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Japanese is spoken by 130 million people. This makes it the ninth most spoken language by native speakers. Linguists debate over the classification of the Japanese language, and one general theory asserts that Japanese is an isolated language and thus a language family of its own, known as Japonic languages. Another major theory includes Japanese as part of a hypothetical Altaic language family which spans most of Central Asia and would also include Turkic, Mongolic, Tungusic, and Korean languages. Neither of these theories has yet been generally accepted.

Japan is the only country where Japanese is the sole official language (though the island of Angaur has Japanese as one of three official languages). There are, however, numerous speakers in other countries. These are largely due to emigration, most notably to the United States of America (California and Hawaii, in particular), Brazil and the Philippines. Furthermore, when Japan occupied and colonized much of East Asia, Southeast Asia, and the Pacific, the locals were educated in the Japanese language. Many elderly locals in Korea, Taiwan, and parts of China still speak Japanese.

Japan has steadily developed for many centuries and, unlike many other cultures, has not been seriously affected by any major invasions until recent times. A substantial part of the vocabulary, though, has been borrowed over the years from Chinese, Portuguese, Dutch, German, French, and most recently English.


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While Japanese grammar is very regular, it is markedly different from English. Japanese has been deemed a subject–object–verb (SOV) and topic-prominent language, whereas English is a subject–verb–object (SVO) and subject-prominent language.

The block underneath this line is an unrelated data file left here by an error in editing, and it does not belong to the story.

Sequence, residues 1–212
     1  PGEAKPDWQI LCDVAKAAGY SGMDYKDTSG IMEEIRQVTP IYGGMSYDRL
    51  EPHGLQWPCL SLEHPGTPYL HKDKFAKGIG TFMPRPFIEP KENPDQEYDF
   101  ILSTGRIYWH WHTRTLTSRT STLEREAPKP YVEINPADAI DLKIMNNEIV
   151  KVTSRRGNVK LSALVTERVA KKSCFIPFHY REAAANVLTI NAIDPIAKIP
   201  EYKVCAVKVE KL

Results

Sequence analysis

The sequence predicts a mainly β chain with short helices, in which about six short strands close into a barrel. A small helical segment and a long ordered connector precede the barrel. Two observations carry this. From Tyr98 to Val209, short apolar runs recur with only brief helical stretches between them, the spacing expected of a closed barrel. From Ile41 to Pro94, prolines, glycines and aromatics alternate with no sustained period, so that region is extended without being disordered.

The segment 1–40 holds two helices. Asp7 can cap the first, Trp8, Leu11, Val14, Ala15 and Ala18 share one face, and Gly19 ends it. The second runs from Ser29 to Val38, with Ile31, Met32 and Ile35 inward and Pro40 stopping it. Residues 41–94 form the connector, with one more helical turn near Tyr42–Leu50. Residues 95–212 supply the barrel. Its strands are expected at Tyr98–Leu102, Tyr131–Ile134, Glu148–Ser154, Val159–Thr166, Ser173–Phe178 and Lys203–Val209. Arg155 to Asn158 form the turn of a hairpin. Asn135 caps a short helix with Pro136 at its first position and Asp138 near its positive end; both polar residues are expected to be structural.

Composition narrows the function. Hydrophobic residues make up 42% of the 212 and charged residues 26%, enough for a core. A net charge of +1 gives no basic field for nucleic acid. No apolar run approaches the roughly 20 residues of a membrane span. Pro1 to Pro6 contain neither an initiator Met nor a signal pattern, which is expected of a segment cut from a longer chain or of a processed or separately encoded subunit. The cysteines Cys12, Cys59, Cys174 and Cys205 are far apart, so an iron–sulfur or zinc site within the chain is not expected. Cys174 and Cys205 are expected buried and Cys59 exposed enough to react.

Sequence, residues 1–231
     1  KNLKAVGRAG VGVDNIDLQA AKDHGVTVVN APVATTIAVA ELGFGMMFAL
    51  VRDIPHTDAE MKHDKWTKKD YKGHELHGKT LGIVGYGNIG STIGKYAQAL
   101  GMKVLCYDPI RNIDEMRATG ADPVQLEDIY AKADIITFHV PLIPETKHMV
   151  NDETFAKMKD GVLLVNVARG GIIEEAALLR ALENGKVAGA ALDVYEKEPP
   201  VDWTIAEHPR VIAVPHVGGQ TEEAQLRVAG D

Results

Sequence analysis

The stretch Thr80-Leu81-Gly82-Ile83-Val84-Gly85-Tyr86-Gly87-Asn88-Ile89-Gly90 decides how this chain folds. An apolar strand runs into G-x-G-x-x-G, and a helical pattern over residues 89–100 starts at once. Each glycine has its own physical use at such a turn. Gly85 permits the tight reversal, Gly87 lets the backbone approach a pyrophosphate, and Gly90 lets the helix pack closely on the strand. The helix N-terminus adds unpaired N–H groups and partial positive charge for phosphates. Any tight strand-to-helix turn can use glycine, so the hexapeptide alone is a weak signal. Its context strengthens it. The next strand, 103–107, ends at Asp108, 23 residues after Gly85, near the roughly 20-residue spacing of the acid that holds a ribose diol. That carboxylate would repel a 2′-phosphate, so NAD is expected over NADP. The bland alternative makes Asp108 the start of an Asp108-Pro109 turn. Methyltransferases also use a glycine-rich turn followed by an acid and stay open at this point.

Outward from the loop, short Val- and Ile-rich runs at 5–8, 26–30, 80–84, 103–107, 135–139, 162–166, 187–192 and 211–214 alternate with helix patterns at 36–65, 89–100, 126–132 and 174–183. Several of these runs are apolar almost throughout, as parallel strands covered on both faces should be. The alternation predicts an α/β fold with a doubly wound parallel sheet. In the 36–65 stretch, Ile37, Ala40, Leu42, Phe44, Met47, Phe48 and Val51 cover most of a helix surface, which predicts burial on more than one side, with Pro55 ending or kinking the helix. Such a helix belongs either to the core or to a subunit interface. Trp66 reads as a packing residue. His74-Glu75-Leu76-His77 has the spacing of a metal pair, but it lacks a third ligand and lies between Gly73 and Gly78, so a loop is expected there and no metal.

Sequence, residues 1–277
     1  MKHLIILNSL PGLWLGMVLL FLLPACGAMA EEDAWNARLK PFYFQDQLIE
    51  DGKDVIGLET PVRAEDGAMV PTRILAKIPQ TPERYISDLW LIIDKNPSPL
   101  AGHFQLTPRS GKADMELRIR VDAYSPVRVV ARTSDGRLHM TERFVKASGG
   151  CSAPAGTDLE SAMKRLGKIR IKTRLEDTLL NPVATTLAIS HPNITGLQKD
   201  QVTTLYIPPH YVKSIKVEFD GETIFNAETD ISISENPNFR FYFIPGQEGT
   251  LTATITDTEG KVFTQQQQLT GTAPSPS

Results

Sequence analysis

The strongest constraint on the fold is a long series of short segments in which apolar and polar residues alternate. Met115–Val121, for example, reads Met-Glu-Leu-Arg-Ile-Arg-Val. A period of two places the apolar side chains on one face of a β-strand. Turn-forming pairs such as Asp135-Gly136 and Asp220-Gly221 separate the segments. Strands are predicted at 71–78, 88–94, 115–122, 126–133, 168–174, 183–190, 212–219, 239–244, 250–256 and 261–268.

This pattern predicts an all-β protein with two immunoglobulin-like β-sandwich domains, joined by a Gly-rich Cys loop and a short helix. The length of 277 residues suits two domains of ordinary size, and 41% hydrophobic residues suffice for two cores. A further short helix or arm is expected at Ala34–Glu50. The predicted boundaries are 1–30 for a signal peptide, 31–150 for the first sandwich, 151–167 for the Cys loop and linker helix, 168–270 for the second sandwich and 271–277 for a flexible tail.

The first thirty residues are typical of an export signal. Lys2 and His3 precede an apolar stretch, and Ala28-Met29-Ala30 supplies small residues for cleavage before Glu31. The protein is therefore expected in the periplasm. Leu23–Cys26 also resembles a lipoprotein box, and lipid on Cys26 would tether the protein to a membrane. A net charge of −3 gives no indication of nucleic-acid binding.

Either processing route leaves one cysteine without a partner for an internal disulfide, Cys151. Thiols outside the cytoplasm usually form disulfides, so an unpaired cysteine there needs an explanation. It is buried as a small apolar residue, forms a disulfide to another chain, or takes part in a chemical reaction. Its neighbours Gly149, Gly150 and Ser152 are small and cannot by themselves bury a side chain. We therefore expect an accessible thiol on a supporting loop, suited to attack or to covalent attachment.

To illustrate, the English sentence “Cats eat mice” contains a subject (cats), a verb (eat), and an object (mice), in an SVO order, where the “-s” is a plural marker, and “mouse” → “mice” is a plural marker by ablaut, but only the word order indicates which is the subject and the object—i.e. which is dining and which is the meal.

(ねこ) (ねずみ) ()
Neko wa nezumi o
Cat mouse eat

The topic-prominence is not obvious in this example; “cat” is the subject (the agent) in English, but it is the topic (what the sentence is about) in Japanese. In the above example, “(ねこ)は” is the topic, and “(ねずみ)()う” is the comment.

The verb “kū” means “eat” in the sense of one animal consuming another. To speak about a person eating, it would make more sense to use the word “taberu” which means “eat,” as in to consume a meal.[1]

Japanese does not have articles (the words, “a” or “an”, or “the”), nor is it mandatory to indicate number (singular versus plural). In the sentence above, “(ねこ)” could mean either “cat” or “cats.” The “mouse/mice” ablaut does not occur in Japanese, which is an agglutinative language (inflecting by appending) and highly regular. In Japanese, the plural is formed by adding the ending “-tachi,” or “-ra.” Thus, the word, “cats” would be “nekotachi,” and is always plural, but the word “neko” can be either singular or plural. “Nekora,” however, would sound rather strange, as “-ra” and “-tachi” are not necessarily interchangeable. For the beginner, therefore, it is best not to worry about learning plural endings.

For the English speaking student of Japanese grammar, the greatest hurdles to cross are probably the thought process of the Japanese sentence and learning the seemingly endless variety of endings available for modifying verbs and the order in which they can be strung together.